Eastern Focus, Summer Issue: EUROPE still unwhole and unfree

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Exactly thirty years ago, shortly before the fall of the Iron Curtain, the late president George H.W. Bush was urging German citizens and political leaders (including chancellor Helmut Kohl) gathered in Mainz, on May 31, to build a ‘Europe Whole and Free’.

Fast forward to mid-2019, when the new EU leadership takes office after elections to the European Parliament, and Europe is still neither whole, nor free. This issue of EasternFocus focuses on the Union’s ability to continue to nurture democracy and rule of law within its own borders and to help engender it in its neighbourhood.

Interesting and potentially disruptive (time will tell whether in the positive or negative sense) developments are taking place in the EU’s eastern vicinity: the Republic of Moldova has a new government, born out of an unlikely (and some say unholy) alliance between pro-European liberal reformists and pro-Russian socialists. But de-oligarchisation is key for advancing Moldova’s European perspective and this trumps geopolitics, says foreign minister Nicolae Popescu in an interview.

Across the border, in Ukraine, the Zelensky presidency, coupled with a landslide win for the president’s party in parliamentary elections, may be a welcome adventure under normal circumstances – after all, Andreas Umland believes that anything works that shakes off the old post-Soviet templates of corruption… provided that Ze can actually deliver!

Nevertheless, it is a risky endeavour at a time of war in Donbas, weak statehood, tense relations with neighbours and dimming EU and NATO prospects. All of these represent the task ahead for the new president, writes Mykola Kapitonenko – with a bit of help from the EU, we might add.

Can the EU actually build rule of law? Lessons from CEE for the Eastern Partnership

But beyond the obvious question of whether it is willing to lend a hand, does the EU actually have the ability to fuel democratic transformation and consolidation? Given the current state of rule of law in Central and Eastern Europe, this ability is increasingly called into question.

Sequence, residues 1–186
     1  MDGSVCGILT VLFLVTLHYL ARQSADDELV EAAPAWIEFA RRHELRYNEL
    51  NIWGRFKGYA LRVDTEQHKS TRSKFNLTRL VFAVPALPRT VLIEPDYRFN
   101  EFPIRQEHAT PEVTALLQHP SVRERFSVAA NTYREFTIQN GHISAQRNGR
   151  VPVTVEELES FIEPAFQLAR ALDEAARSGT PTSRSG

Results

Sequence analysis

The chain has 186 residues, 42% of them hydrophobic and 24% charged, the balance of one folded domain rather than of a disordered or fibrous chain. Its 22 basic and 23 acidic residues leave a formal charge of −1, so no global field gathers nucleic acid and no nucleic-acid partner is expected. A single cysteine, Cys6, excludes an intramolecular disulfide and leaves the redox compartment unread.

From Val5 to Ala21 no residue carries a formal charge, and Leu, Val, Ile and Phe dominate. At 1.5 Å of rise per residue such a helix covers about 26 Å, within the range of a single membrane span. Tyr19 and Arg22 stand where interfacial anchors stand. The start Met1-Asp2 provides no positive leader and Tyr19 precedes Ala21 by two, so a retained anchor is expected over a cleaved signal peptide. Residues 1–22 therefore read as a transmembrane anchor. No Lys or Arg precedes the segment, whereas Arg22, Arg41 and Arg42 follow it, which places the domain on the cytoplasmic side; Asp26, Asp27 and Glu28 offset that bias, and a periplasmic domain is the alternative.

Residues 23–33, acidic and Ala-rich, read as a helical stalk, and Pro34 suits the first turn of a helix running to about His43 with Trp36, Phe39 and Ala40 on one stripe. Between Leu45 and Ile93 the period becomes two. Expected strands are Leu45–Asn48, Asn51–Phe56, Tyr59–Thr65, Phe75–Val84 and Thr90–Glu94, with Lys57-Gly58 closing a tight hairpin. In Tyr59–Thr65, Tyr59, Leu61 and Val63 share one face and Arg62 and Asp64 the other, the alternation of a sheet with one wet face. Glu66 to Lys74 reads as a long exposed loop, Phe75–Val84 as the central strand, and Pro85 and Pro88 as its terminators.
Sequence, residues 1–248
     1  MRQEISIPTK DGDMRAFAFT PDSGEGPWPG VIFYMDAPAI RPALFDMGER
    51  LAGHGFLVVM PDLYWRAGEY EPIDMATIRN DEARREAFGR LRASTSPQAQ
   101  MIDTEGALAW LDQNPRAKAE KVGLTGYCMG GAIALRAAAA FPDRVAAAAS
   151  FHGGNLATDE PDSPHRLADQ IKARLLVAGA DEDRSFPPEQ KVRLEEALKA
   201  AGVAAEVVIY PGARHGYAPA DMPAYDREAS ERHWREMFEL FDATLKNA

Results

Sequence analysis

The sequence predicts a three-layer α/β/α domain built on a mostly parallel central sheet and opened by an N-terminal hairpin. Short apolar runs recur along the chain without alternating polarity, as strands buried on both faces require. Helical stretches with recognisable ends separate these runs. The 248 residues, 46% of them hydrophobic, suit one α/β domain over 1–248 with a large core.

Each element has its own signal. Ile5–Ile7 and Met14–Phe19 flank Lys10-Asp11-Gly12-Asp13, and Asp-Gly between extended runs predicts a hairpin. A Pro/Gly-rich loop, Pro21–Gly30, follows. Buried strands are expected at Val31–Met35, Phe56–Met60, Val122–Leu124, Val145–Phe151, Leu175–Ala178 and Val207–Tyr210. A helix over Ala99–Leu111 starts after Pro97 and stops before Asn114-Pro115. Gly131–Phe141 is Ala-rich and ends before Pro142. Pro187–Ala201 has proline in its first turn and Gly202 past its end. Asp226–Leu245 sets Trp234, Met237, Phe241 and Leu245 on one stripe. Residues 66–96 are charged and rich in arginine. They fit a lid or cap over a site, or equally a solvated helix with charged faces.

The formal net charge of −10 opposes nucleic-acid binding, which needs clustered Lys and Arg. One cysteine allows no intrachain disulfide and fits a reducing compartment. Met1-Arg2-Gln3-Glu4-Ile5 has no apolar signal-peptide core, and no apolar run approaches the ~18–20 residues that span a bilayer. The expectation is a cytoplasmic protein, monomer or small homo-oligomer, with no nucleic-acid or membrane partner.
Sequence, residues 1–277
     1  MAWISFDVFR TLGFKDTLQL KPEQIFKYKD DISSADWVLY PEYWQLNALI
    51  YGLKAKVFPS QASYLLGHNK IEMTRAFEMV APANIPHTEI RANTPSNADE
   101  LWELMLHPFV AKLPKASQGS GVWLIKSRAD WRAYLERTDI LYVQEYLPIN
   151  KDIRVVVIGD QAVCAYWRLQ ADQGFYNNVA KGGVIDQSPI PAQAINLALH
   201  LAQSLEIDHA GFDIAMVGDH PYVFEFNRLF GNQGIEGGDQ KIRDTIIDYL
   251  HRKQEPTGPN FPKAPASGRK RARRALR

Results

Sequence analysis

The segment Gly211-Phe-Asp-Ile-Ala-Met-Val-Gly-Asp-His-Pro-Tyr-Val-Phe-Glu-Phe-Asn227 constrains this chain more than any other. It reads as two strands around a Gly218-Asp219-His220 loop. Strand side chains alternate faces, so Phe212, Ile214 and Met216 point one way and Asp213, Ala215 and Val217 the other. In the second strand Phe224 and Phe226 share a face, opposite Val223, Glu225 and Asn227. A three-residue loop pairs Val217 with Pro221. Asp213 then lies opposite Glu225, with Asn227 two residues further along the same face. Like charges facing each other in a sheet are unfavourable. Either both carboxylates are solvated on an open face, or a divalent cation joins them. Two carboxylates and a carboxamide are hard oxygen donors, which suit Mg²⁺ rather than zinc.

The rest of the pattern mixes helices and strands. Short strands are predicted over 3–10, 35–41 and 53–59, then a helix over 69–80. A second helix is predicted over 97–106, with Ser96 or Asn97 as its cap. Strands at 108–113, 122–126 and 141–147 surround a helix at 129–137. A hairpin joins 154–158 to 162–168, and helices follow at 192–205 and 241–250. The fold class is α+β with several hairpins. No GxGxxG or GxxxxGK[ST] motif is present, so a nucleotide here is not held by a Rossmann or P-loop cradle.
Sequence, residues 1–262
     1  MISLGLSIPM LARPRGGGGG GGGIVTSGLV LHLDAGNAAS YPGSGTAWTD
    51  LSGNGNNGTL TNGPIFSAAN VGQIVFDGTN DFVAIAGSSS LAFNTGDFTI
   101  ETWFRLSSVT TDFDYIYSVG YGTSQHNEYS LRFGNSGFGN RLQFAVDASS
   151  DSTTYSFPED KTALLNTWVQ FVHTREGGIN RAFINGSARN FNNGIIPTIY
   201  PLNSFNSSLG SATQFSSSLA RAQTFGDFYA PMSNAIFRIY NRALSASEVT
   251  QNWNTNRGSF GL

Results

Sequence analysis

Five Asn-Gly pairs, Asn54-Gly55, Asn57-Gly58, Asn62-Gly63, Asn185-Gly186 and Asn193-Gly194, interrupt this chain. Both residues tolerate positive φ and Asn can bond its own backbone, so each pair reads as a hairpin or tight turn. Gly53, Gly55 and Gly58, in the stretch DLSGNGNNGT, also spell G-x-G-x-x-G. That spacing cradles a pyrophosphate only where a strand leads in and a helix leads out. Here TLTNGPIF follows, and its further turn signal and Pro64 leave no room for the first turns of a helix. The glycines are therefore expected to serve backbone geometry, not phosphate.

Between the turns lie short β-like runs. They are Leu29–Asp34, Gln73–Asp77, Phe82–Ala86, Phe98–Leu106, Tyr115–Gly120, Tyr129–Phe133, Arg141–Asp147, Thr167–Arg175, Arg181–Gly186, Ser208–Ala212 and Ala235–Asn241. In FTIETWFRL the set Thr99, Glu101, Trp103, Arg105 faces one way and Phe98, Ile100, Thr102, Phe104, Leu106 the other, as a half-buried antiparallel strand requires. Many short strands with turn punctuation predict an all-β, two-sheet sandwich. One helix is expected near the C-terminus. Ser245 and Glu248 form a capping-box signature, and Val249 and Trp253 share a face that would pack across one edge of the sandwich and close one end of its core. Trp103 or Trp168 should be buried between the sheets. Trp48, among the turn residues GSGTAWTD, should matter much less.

In a special dossier, Sidonia Bogdan explains the ups and downs of anticorruption in Romania, which is about to give the EU its first Prosecutor General, while simultaneously backtracking on justice reform at home. The text details some ways in which EU pressure can lead to excess, politicisation and missteps, while providing fundamental incentives for reform and empowering magistrates and civil society.

Corina Rebegea emphasises the importance of societal buy-in and denounces the overly technical and ‘quantitative’ approach of the EU in relation to Eastern Partnership countries, whose progress in dealing with corruption has been very modest. She calls for stronger political engagement if we are to move beyond façade democracy and help neighbours achieve genuine Europeanisation, at a time of growing geopolitical competition in the region (see also Mihailo Gajić’s article on Chinese influence in Serbia).

Absent the perspective of accession and after visa liberalisation, there is little leverage in the EU’s current offer to these countries, writes Daniel Szeligowski, drafting a post-2020 vision for the Eastern Partnership, based on a study of the Polish Institute of International Relations (PISM).

A new offer needs to be ellaborated in Brussels that holds out tangible benefits to these societies and is based on three pillars: a Partnership for Investment, a Partnership for Security and a Partnership for Citizens.

The case of Serbia, described by Srdjan Majstorović, with Belgrade moving toward being a full-fledged captured state and defaulting on the Copenhagen criteria just as it has made some – albeit slow – progress on the EU accession calendar, is a powerful reminder that even the prospect of accession is not alone a guarantee of success, especially as political will within the EU is also scarce achieve genuine Europeanisation, at a time of growing geopolitical competition in the region (see also Mihailo Gajić’s article on Chinese influence in Serbia).

The Union under German leadership; Germany in doubt